Media Matrix: Valuing Audience – Part II

17 May,2012

By Paritosh Joshi

 

Remember the 5 weepies that you were forced to watch because of your spouse? The maverick British automobile journalist? The irritatingly intrusive news editor? If you do, we met last week. And even if you don’t, I’m going to try and make this week’s 870 words stand on their own feet.

 

We signed off last week wondering about whether audience quality, and not just quantity, could be measured objectively. And whether current systems of audience measurement pay enough attention to measuring audience quality. The questions were tainted by an assertion that “In the relentless focus on audience volume as the prime metric, we have lost sight of audience quality”.

 

Why does audience quantity take precedence over any other measure, particularly in a market such asIndia?

  • Almost every product category has low penetration, or in more technical terms, low Category Development Index
  • Marketers’ primary priority is to reach the widest audience to build awareness about their product/category to stimulate demand
  • When width becomes paramount it is easy to see why quantity always wins over quality

 

The arrival of satellite television inIndiain the early 1990s was the first intimation of accelerating media proliferation. An unregulated regulatory environment in its early years and limitless viewer demand for exciting, entertaining content fuelled a torrent of channels, and indeed genre innovation which continues unabated over two decades on. Coupled with rising incomes in a domestic consumption fuelled economy and steadily growing literacy, India also saw simultaneous growth in the print media and, with the advent of better telecommunications in the last decade, the ‘new’ or digital media. Making systematic and reasoned choices in this era of abundance was no longer the simple exercise that media planning used to be in the stone age of media scarcity that preceded it.

 

Enter- the media agency of record.

 

The challenge for advertisers was just this: how to reach the largest audience at the least cost. Inevitably, the agency’s singular task was to stitch up defined audiences across multiple vehicles at the lowest CPT (cost per thousand) or CPRP (cost per rating point). Conversely, advertising sales personnel at all media outlets were under pressure to offer packages that were compared relentlessly on cost almost to the exclusion of everything. The age of quantity had arrived.

 

We will leave the hurly-burly of the media market for a moment and look at how audiences are actually measured and how these measurements are consolidated into reports.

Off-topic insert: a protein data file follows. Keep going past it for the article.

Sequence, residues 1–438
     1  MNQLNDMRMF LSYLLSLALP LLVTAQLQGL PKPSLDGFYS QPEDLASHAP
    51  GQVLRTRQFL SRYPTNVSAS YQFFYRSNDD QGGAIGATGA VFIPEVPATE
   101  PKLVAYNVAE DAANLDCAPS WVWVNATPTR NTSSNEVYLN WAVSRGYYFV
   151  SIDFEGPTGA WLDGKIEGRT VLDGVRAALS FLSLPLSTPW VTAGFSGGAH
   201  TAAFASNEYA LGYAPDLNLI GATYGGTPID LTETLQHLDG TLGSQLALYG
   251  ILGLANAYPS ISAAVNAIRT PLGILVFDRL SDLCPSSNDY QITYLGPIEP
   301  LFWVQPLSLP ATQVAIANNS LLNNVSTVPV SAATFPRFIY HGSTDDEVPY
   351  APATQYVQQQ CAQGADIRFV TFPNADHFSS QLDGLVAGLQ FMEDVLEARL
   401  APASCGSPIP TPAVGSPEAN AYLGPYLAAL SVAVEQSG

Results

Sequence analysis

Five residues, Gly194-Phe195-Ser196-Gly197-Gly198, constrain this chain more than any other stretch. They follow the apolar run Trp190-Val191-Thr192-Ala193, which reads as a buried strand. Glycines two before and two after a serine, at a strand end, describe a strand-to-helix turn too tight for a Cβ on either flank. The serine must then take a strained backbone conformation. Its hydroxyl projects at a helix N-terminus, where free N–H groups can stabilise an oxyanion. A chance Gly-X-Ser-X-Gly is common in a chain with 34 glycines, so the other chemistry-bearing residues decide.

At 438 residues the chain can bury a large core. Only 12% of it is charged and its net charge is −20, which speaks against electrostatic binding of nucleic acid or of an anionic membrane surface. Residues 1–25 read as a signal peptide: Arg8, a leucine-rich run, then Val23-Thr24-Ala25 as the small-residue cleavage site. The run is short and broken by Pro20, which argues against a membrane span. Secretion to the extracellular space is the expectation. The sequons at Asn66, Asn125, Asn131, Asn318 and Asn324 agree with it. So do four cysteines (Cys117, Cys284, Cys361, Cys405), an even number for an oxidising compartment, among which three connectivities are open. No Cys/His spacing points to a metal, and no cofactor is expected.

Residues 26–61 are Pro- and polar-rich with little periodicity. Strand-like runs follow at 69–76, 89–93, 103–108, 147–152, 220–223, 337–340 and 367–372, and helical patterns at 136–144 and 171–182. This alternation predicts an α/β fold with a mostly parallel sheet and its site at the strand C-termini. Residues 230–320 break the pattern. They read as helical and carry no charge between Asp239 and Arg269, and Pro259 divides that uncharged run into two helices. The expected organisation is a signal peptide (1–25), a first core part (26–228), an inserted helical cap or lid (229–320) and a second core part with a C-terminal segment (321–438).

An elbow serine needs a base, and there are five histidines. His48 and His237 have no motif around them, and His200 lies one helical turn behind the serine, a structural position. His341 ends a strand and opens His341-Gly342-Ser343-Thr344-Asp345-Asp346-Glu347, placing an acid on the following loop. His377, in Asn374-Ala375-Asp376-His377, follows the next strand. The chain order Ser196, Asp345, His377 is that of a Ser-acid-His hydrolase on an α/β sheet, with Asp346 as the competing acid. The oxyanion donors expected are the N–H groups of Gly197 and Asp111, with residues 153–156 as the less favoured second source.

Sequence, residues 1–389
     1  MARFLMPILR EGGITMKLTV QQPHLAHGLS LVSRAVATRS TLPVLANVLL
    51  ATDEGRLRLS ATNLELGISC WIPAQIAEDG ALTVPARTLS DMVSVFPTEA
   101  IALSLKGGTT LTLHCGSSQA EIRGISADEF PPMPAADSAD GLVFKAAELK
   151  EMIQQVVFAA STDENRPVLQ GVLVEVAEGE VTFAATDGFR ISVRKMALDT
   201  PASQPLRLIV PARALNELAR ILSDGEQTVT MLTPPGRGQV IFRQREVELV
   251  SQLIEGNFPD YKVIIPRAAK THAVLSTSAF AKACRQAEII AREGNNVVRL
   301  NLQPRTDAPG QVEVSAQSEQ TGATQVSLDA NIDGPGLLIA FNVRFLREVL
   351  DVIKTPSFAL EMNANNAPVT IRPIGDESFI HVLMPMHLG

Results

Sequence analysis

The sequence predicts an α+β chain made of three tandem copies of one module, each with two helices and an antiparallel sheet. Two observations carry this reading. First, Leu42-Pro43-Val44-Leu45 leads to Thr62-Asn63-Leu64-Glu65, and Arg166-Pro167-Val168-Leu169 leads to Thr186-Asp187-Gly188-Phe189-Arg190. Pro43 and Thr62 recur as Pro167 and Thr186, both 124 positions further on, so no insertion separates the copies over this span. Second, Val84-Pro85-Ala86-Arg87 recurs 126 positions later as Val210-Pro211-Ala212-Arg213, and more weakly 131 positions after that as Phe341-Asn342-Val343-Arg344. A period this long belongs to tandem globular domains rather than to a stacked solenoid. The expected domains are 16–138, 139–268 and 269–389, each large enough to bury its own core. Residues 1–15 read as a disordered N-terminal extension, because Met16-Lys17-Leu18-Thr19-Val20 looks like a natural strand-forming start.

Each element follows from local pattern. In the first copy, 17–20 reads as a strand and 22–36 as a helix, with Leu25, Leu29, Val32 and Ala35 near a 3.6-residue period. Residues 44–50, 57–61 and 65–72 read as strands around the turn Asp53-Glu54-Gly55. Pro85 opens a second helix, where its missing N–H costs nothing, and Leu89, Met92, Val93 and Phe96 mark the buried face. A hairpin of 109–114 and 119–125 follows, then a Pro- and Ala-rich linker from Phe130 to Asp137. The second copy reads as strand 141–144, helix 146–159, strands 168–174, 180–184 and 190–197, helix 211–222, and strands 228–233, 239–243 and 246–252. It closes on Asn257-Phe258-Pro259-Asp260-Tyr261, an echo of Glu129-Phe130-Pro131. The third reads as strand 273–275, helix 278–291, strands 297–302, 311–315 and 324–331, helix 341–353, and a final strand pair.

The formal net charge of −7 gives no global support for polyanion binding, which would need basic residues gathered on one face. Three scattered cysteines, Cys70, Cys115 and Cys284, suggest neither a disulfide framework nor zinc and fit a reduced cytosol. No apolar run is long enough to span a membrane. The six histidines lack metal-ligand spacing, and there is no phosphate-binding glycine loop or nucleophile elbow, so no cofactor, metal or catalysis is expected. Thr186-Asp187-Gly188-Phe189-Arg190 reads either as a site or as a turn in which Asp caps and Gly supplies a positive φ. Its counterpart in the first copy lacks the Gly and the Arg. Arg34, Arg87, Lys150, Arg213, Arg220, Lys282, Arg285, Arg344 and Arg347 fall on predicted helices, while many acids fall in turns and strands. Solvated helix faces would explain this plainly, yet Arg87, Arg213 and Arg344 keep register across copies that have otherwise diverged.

Television measurement involves peoplemeters; devices connected to domestic TV sets that keep track of who watched what, when. These peoplemeters, once installed in a home, track TV consumption around the clock, through the week, across months and years. These days, most have inbuilt communication apparatus that enables them to transmit their observation record to a central server without human intervention. The central facility now consolidates thousands of individual viewer readings into audience ratings, again with little human intervention. Ratings report second by second ebbs and flows in audience aggregates. Cross sections – by second, minute, hour of any other time interval become more important than how a particular individual, or household, or even demographic, spent a day interacting with TV.

 

Other media, most prominently print, are measured by large scale media surveys like the Indian Readership Survey or IRS. Thousands of households are contacted across the country to map print, TV, radio, digital and other media consumption along with detailed information on usage of a wide range of consumables, durables and assets (such as personal transport). Here too, the system is geared to deliver cross sections of readership, listenership and so on, rather than examining how an individual, household or defined demographic consumes across media and product categories.

 

In days of yore when data tabulation, summarization and analysis was done manually, examining and interpreting research information, whether for  TV or any other media, on a ‘longitudinal’ rather than ‘cross-sectional’ was practically impossible. While individual cases might be studied, purely for anecdotal value, there was no practical way of subjecting, large parts of, or the entire sample itself, to cross-sectional study.

 

WithMoore’s Law having given us exponentially growing computing horsepower and data warehousing, this impediment no longer exists. Imagine an individual’s TV consumption across a week. From spiritual or yoga type programs in the early morning, through news and business during the day to action, drama, music, talk and comedy in the evening night, she has a wide range of content on her plate. And when you start looking at her ‘TV timeline’, and start comparing and contrasting it with the thousands of others, you will find others that are rather similar, somewhat similar or rather dissimilar to hers. Simple, least squares type, approaches can scan across timelines to find patterns of behaviour.

 

In much the same way, the entire mix of product and media consumption of individuals or households, rather than cross sectional tallies, can also be run on respondent level data in studies like the IRS.

 

Shifting attention from cross sections to longitudes or timelines – of moving from a cross-sectional view of audiences to actually understanding how they behave and what they consume across time and place is the difference between understanding audiences as quantitative aggregates or behavioural phenomena.

Paritosh Joshi was until recently CEO, Star CJ. He has been a marketer, a mediaperson and been a key officebearer on industry bodies. He can reached via his Twitter handle @paritoshZero

 

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